Why is fluoride in our water?

The practice of adding fluoride to public water supplies, first introduced in 1945, has since become a common practice in many places around the world. However, it is not without controversy – and although unfounded, it is not unusual for concerns to arise about its safety. But why is it put in water in the first place? And what makes it safe to do this?

What is fluoride?

Fluoride is a naturally occurring mineral that can be found in soil, water and air after being released from rocks. Many people will be familiar with it due to its use in dental care products such as toothpaste and mouthwash, although it can also be found in some medications and, rarely, dietary supplements.

Why was it first added to water?

In areas where fluoride levels in the water supply are naturally low, some authorities have added it because, at recommended levels, it can help prevent tooth decay. That is why it is found in many toothpastes. It does this by helping to rebuild and strengthen tooth enamel, the hard, protective outer layer on our teeth. As a result, consistent contact with fluoride helps keep teeth strong and prevents the formation of nasty cavities.

This relationship was first noted in the 19th century, and after research into the safety of fluoride in the 1930s and 1940s, Grand Rapids, Michigan became the first city in the world to fluoridate its public water supply in 1945. Nearly 80 years later, community water fluoridation is estimated to help reduce tooth decay by 25 percent in children and adults.

Case in point: A city in Ontario, Canada, stopped adding fluoride to its water supply after fifty years, only to add it again five years later when the number of children with tooth decay or emergency dental needs skyrocketed by 51. per cent.

“For decades, low fluoridation of public water has proven to have a dramatic effect on the rate of tooth decay, especially in children,” British dentist and dental issues writer Ollie Jupes told IFLScience.

“Where fluoridation has been introduced, there is invariably a measurable difference in the rate of decay, compared to non-fluoridated areas. The rate of decay in fluoridated areas can decrease by as much as 25 percent. Removing fluoride from the water supply is madness.”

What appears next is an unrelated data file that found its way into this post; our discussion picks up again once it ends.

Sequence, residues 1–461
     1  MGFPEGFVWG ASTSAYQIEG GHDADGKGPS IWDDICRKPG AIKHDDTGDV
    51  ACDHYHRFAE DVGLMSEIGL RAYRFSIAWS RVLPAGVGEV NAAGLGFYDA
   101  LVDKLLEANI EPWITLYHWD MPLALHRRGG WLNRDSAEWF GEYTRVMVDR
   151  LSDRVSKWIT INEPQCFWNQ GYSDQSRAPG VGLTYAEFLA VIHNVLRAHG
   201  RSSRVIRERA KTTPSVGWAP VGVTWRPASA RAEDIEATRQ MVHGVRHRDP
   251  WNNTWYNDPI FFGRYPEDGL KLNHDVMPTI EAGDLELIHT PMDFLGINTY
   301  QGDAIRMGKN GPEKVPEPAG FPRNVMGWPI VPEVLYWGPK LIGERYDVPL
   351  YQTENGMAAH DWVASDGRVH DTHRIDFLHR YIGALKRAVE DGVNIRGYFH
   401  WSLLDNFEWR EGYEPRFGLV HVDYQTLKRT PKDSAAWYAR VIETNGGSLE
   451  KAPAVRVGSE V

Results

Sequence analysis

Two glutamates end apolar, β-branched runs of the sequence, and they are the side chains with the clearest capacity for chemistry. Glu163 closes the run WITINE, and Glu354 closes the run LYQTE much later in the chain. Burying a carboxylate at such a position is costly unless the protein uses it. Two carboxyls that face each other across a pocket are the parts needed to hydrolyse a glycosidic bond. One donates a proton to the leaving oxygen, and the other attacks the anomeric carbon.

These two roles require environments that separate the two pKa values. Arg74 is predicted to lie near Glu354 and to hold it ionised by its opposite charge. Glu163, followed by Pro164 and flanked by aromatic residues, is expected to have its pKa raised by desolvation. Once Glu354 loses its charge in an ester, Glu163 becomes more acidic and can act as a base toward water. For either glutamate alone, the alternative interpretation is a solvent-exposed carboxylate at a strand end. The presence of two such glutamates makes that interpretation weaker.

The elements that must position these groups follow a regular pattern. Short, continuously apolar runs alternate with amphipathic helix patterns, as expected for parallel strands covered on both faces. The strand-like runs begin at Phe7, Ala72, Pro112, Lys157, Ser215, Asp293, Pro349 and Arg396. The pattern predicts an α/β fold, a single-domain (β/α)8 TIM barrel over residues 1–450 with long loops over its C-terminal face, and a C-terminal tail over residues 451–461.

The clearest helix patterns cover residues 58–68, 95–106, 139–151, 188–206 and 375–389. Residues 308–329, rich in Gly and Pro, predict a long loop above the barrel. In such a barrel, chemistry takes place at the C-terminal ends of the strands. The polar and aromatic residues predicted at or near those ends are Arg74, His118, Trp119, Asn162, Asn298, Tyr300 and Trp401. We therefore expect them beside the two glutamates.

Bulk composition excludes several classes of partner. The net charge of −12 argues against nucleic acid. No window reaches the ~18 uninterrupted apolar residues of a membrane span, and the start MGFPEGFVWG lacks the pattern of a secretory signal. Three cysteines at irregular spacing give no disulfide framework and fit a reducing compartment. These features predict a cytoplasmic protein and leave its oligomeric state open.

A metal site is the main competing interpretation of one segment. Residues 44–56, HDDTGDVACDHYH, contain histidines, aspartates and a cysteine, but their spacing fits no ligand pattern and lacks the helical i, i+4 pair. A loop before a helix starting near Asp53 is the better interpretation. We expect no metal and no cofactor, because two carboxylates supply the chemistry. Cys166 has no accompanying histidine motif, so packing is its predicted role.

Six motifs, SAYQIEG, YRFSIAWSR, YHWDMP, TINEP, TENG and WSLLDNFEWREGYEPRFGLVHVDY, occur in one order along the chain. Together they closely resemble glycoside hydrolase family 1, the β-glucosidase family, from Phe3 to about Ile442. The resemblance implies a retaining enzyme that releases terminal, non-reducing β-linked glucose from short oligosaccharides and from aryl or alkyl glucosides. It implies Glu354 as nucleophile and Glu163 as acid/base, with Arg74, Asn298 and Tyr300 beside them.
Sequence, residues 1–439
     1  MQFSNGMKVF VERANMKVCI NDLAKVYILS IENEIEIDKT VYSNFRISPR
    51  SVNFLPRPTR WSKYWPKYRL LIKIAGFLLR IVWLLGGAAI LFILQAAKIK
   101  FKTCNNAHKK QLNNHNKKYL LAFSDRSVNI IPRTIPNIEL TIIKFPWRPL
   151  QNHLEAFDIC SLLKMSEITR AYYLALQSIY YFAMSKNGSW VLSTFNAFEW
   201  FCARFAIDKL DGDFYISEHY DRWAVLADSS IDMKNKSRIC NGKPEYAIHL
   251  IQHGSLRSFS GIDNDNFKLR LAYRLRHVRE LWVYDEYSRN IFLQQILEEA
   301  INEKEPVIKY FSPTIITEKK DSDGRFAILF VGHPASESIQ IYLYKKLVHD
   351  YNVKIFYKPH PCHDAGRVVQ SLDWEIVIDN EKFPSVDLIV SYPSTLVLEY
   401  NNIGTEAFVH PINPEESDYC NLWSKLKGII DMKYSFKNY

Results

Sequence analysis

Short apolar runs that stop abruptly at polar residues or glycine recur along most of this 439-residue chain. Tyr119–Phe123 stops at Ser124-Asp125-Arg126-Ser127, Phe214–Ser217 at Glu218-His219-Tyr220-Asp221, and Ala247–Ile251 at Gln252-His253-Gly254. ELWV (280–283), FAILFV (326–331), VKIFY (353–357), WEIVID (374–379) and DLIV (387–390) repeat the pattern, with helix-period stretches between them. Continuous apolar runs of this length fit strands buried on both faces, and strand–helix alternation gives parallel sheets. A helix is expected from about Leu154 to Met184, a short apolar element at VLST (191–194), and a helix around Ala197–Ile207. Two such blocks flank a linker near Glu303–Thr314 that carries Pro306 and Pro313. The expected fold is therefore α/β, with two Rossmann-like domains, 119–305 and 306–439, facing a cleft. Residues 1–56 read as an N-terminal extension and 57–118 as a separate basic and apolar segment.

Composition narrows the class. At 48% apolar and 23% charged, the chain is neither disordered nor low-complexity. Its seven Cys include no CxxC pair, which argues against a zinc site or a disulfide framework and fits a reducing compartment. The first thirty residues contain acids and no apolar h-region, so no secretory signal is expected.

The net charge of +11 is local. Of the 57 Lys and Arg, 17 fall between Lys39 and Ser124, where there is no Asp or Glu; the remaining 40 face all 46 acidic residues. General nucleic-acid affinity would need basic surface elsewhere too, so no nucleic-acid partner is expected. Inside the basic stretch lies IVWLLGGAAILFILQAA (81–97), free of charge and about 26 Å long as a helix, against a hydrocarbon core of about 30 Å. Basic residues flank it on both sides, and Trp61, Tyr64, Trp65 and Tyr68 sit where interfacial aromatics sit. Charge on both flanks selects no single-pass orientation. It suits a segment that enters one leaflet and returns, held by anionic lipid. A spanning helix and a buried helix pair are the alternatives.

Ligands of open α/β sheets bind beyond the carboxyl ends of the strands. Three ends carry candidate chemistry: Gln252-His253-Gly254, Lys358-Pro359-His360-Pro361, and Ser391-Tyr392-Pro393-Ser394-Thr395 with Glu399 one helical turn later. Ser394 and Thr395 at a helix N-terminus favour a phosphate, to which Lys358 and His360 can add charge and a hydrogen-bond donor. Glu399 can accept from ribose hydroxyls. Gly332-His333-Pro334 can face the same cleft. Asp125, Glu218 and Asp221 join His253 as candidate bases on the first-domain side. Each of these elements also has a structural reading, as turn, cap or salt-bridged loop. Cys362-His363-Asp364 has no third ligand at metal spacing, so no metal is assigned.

Why do some people want to remove it?

While a significant amount of evidence supports the conclusion that adding fluoride to the public water supply is safe, an equally abundant supply of myths surround its use. As a result, there have recently been calls to ban fluoridation – and in the US there is currently an ongoing court battle to decide whether the Environmental Protection Agency (EPA) should do so due to concerns about its potential effects on child development .

However, according to the Centers for Disease Control and Prevention (CDC), scientists in the United States and around the world have studied the safety and benefits of fluoridated water for a century and have found no consistent and convincing evidence linking water fluoridation to water . any potential adverse health effect other than dental fluorosis.”

Dental fluorosis can occur in children if they are overexposed to fluoride during development. However, it is not harmful to their health; it causes white, sometimes brown, speckles on the teeth. Therefore, fluoride is often not found in toothpastes made for young children.

While it’s true that high doses of fluoride can pose a health hazard — it’s been linked to a bone disease called skeletal fluorosis — that kind of level isn’t added to the public water supply. In the US, the decision to fluoridate lies with individual states or local authorities, but if they choose to do so, there is still a legal limit set and regulated by the EPA.

The bottom line is that fluoride in the public water supply, when used in appropriate amounts, provides safe drinking water, reducing tooth decay and its knock-on effects. And while there may be one lawsuit in which people want to ban fluoridation, there is another that shows many others are hoping for the opposite.

All “explainer” articles are confirmed by fact checkers be correct at time of publication. Text, images and links can be edited, deleted or added at a later time to keep the information current.

The content of this article is not intended to be a substitute for professional medical advice, diagnosis, or treatment. Always seek the advice of qualified healthcare providers with any questions you may have regarding medical conditions.

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